House whip fires early round in campaign-reform fight

Friday, May 15, 1998

Although House debate on campaign finance isn’t scheduled until late next week, the majority whip on Thursday launched a Republican attack saying reform efforts threaten free speech.

“Money is not the root of all evil in politics,” said Rep. Tom DeLay, R-Texas. “Without money, candidates for office on the federal level would not have the ability to get their message out to voters.

“Freedom of speech without the freedom to raise the money to have the people listen to that speech is worthless,” said DeLay, The New York Times reported.

Reform supporters say new limits on campaign contributions, particularly those to political parties from business and labor unions, would prevent the runaway donations and spending that caused a scandal during the 1996 elections.

But opponents say such measures limit speech, thereby violating the First Amendment. Some say the U.S. Supreme Court in Buckley v. Valeo equated money with political speech, and effectively undercutting any finance-reform laws the Congress might enact.

The House plans to begin debate on several campaign finance bills next Thursday, although final votes aren’t expected until late summer or early fall.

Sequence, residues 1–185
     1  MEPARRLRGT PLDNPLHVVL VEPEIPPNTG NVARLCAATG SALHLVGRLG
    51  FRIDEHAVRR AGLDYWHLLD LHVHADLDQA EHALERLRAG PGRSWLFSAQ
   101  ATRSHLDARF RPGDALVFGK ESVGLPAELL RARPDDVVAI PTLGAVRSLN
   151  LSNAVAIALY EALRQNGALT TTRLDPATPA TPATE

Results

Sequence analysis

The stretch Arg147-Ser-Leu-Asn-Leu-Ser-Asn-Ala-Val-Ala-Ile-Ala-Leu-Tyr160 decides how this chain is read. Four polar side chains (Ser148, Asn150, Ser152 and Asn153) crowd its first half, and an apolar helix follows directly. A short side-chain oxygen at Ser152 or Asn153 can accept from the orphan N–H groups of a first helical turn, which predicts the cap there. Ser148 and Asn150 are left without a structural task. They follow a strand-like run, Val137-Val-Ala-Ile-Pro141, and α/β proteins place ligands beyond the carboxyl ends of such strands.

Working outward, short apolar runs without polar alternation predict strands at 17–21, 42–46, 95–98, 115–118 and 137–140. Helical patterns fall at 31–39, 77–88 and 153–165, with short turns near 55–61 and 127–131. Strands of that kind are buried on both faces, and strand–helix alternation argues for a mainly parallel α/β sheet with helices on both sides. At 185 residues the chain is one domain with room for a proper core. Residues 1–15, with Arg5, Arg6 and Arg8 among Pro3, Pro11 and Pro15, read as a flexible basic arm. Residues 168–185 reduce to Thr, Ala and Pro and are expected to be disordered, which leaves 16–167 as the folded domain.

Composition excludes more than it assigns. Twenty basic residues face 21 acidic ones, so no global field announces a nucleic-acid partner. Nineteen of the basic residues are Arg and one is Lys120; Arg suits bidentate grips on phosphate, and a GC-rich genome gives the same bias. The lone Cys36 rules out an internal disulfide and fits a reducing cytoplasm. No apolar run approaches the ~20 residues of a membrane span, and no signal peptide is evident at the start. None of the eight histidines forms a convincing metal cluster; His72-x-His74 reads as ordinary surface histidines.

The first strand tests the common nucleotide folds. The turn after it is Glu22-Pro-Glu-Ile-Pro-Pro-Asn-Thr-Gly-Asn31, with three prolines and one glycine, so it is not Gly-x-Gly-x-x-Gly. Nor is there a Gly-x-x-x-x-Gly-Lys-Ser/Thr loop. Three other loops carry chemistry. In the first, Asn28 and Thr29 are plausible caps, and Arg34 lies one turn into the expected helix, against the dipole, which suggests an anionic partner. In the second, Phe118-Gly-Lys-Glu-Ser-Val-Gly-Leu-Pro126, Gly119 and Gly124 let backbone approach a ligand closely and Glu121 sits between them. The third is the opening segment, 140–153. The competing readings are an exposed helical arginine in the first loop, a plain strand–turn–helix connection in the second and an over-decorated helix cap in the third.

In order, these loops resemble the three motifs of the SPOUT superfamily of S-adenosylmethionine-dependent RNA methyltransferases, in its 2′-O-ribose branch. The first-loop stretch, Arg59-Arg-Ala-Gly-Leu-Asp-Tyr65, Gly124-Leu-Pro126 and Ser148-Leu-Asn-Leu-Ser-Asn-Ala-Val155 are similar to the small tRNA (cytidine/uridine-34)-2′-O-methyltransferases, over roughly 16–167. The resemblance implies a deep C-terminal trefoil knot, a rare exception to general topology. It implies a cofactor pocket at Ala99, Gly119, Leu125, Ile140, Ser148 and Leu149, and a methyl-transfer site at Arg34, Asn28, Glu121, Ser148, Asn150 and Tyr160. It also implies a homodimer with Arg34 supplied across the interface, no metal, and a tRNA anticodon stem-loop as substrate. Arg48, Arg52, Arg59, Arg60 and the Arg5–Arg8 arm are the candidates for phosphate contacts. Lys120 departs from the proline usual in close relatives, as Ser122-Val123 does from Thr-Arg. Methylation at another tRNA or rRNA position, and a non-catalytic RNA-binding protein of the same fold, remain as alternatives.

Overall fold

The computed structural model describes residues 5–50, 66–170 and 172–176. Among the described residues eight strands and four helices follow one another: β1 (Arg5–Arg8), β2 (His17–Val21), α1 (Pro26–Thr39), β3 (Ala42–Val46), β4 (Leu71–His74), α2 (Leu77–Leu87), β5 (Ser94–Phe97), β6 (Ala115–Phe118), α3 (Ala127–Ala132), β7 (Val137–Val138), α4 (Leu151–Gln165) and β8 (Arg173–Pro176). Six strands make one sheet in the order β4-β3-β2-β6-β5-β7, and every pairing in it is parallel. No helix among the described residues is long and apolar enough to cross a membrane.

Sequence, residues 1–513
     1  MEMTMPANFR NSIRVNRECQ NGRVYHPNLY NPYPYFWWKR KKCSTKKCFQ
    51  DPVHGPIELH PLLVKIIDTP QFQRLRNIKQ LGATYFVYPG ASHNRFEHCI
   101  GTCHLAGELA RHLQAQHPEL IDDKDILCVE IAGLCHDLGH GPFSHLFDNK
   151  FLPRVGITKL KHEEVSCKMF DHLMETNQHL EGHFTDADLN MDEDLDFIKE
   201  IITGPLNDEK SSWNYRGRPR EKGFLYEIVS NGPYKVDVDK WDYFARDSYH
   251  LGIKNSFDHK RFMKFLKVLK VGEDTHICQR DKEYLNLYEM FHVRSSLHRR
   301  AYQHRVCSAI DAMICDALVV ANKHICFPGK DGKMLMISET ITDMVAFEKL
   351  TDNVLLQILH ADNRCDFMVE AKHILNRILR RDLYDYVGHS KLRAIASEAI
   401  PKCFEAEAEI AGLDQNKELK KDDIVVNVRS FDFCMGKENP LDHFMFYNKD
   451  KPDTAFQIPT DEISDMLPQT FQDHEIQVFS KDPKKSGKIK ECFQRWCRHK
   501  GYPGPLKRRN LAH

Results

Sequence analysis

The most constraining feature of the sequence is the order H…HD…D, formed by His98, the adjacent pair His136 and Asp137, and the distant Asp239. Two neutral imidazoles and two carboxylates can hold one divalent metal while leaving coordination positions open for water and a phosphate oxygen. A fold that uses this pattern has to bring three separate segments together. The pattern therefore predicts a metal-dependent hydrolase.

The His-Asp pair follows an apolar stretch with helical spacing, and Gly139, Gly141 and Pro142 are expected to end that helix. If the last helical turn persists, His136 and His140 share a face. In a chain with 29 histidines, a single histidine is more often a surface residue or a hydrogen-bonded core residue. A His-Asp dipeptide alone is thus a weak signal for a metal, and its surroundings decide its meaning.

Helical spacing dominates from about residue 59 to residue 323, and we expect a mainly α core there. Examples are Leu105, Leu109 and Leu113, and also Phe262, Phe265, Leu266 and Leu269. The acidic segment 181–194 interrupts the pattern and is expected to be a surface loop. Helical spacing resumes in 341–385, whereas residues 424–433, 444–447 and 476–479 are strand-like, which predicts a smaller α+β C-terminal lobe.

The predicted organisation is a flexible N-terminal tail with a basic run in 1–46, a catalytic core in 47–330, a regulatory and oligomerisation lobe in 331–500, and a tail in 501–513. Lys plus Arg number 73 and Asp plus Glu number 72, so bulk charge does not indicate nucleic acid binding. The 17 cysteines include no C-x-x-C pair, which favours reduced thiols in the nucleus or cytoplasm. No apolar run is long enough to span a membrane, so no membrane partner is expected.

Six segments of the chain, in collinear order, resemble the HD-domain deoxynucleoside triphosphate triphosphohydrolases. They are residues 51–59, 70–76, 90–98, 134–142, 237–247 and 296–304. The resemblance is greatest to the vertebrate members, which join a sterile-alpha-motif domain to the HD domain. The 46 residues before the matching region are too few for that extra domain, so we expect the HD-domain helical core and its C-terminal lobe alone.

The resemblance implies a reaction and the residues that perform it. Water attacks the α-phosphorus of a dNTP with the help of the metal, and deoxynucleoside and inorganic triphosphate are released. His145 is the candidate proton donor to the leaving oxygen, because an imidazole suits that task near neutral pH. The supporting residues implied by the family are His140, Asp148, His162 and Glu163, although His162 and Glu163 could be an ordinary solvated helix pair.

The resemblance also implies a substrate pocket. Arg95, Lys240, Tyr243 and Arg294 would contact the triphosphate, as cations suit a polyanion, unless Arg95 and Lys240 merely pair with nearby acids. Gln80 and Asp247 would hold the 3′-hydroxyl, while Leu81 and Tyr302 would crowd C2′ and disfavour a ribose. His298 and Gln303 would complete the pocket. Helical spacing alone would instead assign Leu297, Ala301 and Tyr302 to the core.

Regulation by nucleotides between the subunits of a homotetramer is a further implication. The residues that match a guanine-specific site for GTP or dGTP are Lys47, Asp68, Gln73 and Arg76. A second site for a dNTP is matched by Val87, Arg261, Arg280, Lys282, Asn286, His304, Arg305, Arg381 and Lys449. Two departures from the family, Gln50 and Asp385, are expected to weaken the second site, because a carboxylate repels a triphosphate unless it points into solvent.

The GOP leadership failed in its efforts to scuttle debate in March. After reform proponents rallied to force debate, the GOP relented and put the issue back onto the table.

The House leadership placed H.R. 2183, known as the Freshman Bill, on the docket as the base bill for debate but will allow substitute measures to be discussed.

Reform advocates criticize the Freshman Bill, sponsored by 50 Democrats and 21 Republicans, for not including an all-out ban on soft money.

Instead, they are pressing for a measure sponsored by Reps. Christopher Shays, R-Conn., and Martin Meehan, D-Mass., which prohibits state and federal political parties from using any donations for party building efforts to be used in campaigns.

Ann McBride, president of the pro-reform group Common Cause, said: “While there will clearly be attempts to confuse this issue by offering killer amendments and phony bills masquerading as reform, voting for the Shays-Meehan bill without amendment is the key test of reform.”

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